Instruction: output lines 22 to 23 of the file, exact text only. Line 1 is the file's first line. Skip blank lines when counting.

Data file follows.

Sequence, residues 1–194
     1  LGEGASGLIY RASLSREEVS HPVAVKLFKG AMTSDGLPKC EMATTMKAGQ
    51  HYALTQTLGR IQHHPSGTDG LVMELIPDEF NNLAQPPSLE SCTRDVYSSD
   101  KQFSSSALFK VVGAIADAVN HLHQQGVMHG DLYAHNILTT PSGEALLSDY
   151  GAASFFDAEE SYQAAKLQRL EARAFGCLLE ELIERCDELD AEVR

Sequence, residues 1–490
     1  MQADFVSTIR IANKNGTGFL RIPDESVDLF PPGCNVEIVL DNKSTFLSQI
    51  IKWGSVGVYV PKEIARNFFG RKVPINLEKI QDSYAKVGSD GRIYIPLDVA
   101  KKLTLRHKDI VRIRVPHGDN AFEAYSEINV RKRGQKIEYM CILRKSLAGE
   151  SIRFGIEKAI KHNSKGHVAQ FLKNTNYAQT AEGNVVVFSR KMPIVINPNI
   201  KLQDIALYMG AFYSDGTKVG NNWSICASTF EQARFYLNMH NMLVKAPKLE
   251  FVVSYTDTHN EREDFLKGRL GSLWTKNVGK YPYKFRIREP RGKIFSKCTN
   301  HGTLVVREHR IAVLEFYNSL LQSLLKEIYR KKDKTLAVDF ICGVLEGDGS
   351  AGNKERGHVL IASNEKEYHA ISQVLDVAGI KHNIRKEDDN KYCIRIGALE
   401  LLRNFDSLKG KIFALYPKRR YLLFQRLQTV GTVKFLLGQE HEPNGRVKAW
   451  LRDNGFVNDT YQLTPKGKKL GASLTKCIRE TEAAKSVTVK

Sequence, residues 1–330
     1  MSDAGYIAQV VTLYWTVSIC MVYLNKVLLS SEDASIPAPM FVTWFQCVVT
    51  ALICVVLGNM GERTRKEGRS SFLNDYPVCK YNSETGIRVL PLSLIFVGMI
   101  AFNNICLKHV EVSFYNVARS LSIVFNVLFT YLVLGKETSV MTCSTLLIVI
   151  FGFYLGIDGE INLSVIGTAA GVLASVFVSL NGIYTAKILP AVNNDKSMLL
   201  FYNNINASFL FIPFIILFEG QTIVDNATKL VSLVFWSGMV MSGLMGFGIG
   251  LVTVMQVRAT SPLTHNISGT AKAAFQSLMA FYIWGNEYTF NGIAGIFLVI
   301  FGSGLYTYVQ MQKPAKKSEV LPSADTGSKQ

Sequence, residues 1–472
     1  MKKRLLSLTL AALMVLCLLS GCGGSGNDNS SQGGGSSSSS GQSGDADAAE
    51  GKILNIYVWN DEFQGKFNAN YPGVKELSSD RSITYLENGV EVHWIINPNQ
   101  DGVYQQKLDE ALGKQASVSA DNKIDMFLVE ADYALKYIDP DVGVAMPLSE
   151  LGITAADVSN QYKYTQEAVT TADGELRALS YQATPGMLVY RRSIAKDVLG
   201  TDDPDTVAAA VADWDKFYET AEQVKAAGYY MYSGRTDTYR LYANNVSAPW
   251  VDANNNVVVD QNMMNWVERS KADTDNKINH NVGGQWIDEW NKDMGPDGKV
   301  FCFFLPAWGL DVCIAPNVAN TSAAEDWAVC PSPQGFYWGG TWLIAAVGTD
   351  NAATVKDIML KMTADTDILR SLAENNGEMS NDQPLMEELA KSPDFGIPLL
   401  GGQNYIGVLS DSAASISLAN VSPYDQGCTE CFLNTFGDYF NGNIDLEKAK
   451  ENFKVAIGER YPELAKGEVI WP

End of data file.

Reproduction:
   201  FYNNINASFL FIPFIILFEG QTIVDNATKL VSLVFWSGMV MSGLMGFGIG
   251  LVTVMQVRAT SPLTHNISGT AKAAFQSLMA FYIWGNEYTF NGIAGIFLVI